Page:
Activision wins patent encouraging microtransactions through matchmaking

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Activision affecting matchmaking with microtransactions 2

Microransactions and loot boxes are a hot topic this fall season in game releases, with more and more examples of them encroaching on the way you actually play a game. Games like Forza Motorsport 7 tie them into progression, while Star Wars Battlefront II’s card system could easily be seen as pay-to-win (at least in its current form). But what about taking it a step further? What if games could be designed specifically to encourage this type of spending by who it matches you up with online? Activision wanted to investigate that two years ago, and just got the patent for it.

To be clear, this isn’t a new system the publisher is looking into. The patent was filed in 2015, but only approved yesterday. It covers a wide range of features, most of which tie into online matchmaking for their many online titles. The usual systems around matching according to latency and skill are there, but things get really interesting when it comes to microtransactions. In short, Activision patented a system that could allow them to match players together with a gulf in microtransaction spending, to encourage more sales.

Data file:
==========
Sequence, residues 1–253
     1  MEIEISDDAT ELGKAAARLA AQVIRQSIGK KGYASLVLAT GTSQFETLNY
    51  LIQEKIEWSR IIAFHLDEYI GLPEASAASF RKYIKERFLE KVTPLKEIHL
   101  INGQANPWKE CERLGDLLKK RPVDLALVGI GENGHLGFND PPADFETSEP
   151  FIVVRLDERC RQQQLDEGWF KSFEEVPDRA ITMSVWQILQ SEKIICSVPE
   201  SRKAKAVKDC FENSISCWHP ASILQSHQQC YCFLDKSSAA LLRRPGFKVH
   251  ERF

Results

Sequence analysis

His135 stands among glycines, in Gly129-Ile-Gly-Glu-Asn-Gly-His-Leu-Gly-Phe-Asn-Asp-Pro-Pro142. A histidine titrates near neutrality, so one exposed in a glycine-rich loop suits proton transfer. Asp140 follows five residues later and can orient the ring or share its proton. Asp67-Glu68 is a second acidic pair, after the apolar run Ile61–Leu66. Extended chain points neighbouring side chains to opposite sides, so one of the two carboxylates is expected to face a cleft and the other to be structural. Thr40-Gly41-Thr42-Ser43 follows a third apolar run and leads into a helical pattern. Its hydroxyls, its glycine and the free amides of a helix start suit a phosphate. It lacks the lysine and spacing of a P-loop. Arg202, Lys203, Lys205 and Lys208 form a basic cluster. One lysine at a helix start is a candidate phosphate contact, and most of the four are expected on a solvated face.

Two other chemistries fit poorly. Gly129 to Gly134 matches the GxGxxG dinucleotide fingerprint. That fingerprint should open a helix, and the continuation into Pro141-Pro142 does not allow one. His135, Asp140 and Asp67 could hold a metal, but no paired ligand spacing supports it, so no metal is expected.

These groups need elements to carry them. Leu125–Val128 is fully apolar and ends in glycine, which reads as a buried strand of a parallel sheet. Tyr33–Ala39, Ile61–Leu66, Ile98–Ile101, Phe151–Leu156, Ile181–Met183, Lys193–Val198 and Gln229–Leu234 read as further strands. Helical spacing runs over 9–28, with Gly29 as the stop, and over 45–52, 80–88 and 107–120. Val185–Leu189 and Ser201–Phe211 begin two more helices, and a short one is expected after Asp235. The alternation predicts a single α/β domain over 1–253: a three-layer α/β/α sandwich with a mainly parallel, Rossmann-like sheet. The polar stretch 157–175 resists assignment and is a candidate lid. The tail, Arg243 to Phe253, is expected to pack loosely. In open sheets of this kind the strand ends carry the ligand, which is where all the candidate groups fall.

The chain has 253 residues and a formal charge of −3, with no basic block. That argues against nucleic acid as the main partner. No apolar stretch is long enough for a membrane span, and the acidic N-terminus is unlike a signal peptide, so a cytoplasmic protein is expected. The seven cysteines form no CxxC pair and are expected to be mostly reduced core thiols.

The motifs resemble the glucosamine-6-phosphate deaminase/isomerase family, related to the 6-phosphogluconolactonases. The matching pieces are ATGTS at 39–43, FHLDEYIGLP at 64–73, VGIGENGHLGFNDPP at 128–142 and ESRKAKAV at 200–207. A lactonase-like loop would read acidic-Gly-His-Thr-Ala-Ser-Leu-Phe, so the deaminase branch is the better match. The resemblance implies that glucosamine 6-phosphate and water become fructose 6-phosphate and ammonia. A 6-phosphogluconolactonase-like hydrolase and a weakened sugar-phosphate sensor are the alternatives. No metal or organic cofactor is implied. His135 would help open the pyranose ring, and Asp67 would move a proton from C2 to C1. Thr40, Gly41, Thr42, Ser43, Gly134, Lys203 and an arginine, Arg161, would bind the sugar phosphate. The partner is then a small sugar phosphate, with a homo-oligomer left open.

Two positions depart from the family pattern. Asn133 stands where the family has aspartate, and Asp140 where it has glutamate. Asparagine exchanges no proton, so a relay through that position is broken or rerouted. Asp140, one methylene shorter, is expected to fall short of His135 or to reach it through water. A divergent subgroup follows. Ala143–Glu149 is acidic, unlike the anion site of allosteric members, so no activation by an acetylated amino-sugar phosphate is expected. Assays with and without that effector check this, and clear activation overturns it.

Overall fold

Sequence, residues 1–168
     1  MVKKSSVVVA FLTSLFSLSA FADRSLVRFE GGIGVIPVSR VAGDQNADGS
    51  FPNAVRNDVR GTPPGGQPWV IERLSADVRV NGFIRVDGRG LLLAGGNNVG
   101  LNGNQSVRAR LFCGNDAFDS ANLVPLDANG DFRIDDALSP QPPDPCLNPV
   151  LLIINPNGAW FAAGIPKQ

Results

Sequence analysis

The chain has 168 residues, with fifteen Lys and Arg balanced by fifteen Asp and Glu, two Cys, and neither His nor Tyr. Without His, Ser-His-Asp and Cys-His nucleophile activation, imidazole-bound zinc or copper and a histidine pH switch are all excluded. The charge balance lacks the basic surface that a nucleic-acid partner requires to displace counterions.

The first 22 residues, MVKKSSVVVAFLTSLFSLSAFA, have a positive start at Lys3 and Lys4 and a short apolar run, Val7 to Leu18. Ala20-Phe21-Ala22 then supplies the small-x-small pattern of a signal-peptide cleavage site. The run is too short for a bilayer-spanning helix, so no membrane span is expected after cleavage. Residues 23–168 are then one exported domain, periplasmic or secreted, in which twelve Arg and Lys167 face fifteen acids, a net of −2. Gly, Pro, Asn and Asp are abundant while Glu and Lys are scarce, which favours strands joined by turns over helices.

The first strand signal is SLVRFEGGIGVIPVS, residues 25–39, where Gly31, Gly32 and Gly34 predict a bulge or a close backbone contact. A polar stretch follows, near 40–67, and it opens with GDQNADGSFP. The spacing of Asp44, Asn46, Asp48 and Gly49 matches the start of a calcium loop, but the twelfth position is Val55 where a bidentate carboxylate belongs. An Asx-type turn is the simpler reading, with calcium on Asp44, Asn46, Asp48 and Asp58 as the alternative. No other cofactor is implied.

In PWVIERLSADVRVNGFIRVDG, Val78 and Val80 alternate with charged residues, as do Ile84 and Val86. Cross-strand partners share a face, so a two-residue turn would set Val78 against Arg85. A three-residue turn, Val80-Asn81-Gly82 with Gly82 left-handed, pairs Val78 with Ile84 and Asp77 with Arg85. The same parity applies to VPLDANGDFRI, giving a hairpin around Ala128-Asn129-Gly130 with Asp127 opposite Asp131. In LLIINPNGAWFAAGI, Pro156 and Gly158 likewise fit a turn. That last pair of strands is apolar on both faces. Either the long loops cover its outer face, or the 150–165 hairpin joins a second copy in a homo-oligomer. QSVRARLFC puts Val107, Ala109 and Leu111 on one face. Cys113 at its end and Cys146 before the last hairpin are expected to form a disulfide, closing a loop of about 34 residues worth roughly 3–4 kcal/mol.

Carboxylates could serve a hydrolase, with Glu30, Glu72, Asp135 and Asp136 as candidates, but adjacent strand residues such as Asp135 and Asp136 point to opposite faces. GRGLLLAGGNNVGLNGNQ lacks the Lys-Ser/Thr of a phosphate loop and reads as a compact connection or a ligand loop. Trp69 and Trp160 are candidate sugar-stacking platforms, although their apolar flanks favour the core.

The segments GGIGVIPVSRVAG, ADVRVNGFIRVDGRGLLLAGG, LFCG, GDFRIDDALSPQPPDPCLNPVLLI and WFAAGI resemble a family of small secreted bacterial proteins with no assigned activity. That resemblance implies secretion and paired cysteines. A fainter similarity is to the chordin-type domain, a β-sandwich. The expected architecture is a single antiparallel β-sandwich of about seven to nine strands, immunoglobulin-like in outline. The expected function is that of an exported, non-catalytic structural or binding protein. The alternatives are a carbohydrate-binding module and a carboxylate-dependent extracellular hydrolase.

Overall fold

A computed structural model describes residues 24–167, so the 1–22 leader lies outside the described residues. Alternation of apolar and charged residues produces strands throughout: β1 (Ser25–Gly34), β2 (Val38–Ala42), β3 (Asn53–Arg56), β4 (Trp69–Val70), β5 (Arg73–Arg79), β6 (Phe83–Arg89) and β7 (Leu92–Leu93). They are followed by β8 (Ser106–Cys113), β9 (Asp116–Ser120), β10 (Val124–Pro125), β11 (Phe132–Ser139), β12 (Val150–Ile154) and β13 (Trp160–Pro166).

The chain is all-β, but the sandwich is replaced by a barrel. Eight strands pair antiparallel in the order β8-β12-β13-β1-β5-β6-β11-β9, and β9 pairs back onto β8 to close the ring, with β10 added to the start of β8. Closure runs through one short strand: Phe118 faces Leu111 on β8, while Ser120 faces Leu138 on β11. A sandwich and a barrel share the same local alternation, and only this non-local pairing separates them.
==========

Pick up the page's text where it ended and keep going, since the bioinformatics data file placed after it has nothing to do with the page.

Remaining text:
For instance, the microtransaction engine may match a more expert/marquee player with a junior player to encourage the junior player to make game-related purchases of items possessed/used by the marquee player. A junior player may wish to emulate the marquee player by obtaining weapons or other items used by the marquee player.

Now that’s just preying on psychology while also perhaps influencing the game in terms of who you inevitably play online with. Seeing other players in some fancy cosmetic gear always makes you jealous on some level (Overwatch does this particularly well), but at least that change is cosmetic. What if you just bought a new weapon and want some positive justification that it’s good? The system could account for that too.

For example, if the player purchased a particular weapon, the microtransaction engine may match the player in a gameplay session in which the particular weapon is highly effective, giving the player an impression that the particular weapon was a good purchase. This may encourage the player to make future purchases to achieve similar gameplay results.

This patent removes some of the smoke and mirrors from systems that are already designed to trick players into moving in one direction, but it sounds overtly predatory in the patent filing. Activision has already responded, stating that the patent was filed for investigative means and has not yet been used (or approved for use). Bungie’s community director also got out ahead of the news, stating that no such system exists in Destiny 2.